“Labour will toughen and equalise the law so that every category of hate crime is treated as an aggravated offence, accepting the Law Commission’s recommendation that the aggravated offences regime should be extended to all five protected characteristics. This will ensure everyone who falls victim to hate crime is treated fairly and equally under the law.”
Sajda Mughal OBE, founder of the Jan Trust charity, said it is shocking that there has been a 42 per cent rise in hate crimes where the victim identified as Muslim.
She said: “It’s high time the government addresses this increasing and very worrying issue.
“Clearly the organisations the government has been engaging with on the issue on anti Muslim hate crimes are not doing a good enough job as they haven’t convinced the government to make anti Muslim hate crime a priority. We do not need their flagship anti Muslim reporting groups but instead we need clearer and serious action taken on those not only who inflict these crimes but on those who espouse anti Muslim hatred such as social media commentators and politicians.”
Mughal added: “The government also needs to press social media companies to take this issue seriously – I have personally seen the likes of Twitter take other forms of hate crime seriously like anti Semitism. It’s high time they do the same for Islamophobic hate speech that influences people online to then commit hate crimes offline against Muslims.”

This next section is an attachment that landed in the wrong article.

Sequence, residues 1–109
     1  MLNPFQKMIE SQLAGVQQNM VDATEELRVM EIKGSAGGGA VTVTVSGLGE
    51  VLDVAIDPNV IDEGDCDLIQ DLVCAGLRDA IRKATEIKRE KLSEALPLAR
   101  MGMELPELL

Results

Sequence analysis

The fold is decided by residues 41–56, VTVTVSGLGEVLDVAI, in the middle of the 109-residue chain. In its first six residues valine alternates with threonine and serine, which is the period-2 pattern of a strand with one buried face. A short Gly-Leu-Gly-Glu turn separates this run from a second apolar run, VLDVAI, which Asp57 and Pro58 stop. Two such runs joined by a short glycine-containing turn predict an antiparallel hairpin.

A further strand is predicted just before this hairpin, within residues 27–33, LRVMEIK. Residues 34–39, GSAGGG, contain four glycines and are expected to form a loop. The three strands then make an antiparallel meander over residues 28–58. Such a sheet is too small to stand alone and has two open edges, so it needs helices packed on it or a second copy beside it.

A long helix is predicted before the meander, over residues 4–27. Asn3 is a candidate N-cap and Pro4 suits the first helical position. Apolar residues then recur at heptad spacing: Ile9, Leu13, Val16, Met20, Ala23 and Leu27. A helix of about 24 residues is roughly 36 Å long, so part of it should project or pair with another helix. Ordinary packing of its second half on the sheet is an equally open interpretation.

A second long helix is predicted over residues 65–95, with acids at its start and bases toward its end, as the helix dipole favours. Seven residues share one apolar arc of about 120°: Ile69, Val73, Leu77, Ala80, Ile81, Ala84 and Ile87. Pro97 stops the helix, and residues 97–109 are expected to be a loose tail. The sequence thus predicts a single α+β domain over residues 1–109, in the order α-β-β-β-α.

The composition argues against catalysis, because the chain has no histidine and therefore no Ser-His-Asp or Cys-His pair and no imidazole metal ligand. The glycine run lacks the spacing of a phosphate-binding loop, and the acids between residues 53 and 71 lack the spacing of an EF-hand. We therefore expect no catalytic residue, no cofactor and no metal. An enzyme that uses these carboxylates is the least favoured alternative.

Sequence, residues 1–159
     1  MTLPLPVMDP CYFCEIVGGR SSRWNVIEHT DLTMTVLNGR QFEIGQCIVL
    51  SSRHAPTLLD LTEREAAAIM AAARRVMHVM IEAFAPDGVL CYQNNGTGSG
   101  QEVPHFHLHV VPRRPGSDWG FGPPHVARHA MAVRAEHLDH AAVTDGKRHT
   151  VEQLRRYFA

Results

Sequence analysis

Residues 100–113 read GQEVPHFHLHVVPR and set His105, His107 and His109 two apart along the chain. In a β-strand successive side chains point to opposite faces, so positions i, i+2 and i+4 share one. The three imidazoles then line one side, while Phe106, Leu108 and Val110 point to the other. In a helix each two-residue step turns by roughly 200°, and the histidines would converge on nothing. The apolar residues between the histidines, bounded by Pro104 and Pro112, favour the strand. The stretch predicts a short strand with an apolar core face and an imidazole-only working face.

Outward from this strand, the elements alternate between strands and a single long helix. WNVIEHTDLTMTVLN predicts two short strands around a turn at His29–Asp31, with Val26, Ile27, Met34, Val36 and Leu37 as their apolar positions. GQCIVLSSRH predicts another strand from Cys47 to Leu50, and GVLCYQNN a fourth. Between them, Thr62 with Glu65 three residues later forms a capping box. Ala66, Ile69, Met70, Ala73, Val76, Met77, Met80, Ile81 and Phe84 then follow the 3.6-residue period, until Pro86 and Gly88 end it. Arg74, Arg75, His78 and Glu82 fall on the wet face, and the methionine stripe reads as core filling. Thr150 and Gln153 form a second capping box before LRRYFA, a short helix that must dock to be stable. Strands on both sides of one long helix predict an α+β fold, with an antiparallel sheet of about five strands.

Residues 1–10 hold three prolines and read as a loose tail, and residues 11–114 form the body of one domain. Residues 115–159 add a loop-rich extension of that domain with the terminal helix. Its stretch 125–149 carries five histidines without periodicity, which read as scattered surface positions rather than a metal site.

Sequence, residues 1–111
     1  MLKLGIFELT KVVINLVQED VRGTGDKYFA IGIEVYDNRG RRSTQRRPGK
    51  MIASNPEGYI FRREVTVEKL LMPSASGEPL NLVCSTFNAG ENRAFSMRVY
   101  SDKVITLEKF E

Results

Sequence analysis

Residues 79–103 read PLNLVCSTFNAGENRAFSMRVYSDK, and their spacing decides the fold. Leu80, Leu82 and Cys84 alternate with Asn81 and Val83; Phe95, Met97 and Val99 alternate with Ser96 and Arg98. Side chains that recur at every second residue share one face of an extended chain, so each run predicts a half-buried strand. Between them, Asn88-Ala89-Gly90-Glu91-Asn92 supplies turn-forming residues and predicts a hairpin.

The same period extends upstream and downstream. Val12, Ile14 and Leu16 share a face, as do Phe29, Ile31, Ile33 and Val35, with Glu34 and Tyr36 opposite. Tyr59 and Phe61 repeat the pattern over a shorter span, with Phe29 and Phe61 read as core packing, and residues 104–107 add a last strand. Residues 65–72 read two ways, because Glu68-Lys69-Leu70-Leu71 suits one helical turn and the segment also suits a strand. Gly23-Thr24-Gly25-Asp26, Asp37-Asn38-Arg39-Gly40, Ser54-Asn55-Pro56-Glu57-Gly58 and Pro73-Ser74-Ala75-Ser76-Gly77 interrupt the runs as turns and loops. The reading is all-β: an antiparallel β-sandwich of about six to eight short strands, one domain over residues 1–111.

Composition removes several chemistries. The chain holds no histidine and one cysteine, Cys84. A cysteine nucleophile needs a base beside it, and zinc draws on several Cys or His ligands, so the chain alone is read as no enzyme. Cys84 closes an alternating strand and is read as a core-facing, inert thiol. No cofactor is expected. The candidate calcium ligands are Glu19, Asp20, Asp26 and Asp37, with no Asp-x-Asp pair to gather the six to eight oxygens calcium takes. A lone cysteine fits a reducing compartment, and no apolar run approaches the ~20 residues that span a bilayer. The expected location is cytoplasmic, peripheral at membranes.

Separate figures in October showed the number of hate crimes reported at football matches in England and Wales soared to record levels last season.
There were 384 incidents of hate crimes reported to the police at football matches in 2021-2022, according to the data released by the Home Office.
Three quarters of the incidents at football matches were race hate crimes. A total of 283 incidents were reported to police last season, up from 214 in 2019-2020.
Francis Davies, professor of civic leadership and international studies at the University of Roehampton in London, said the figures provide further evidence that hidden beneath the veneer of a community at ease with itself “is a nation fissured with tension”.
He said: “It forms part of a wider pattern of civic behaviours that must to be addressed in the short term through a wider and well-funded strategy that is grounded in local communities rather than Whitehall working parties.
“My research and interviews outside of London highlights the rise of Hindu on Muslim tension, Sikh on Sikh tension and Muslim-Hindu tension.
“There is also a wider, deep and more striking racism and intolerance of religious freedom among segments of the white majority community as they look towards especially Asian but also East European and African communities.
“However, in order to convey the Sikh community’s national experience accurately, we need much better evidence before we leap to national conclusions despite the disturbing trends in London we see.”
A Home Office spokesperson said: “Hate crime is a scourge on communities across the country. It does not reflect the values of modern Britain.
“While the rise in cases is likely to be largely driven by improvements in police recording, these can be serious crimes such as assault and we cannot be complacent. We expect the police to fully investigate these hateful attacks and make sure the cowards who commit them feel the full force of the law.”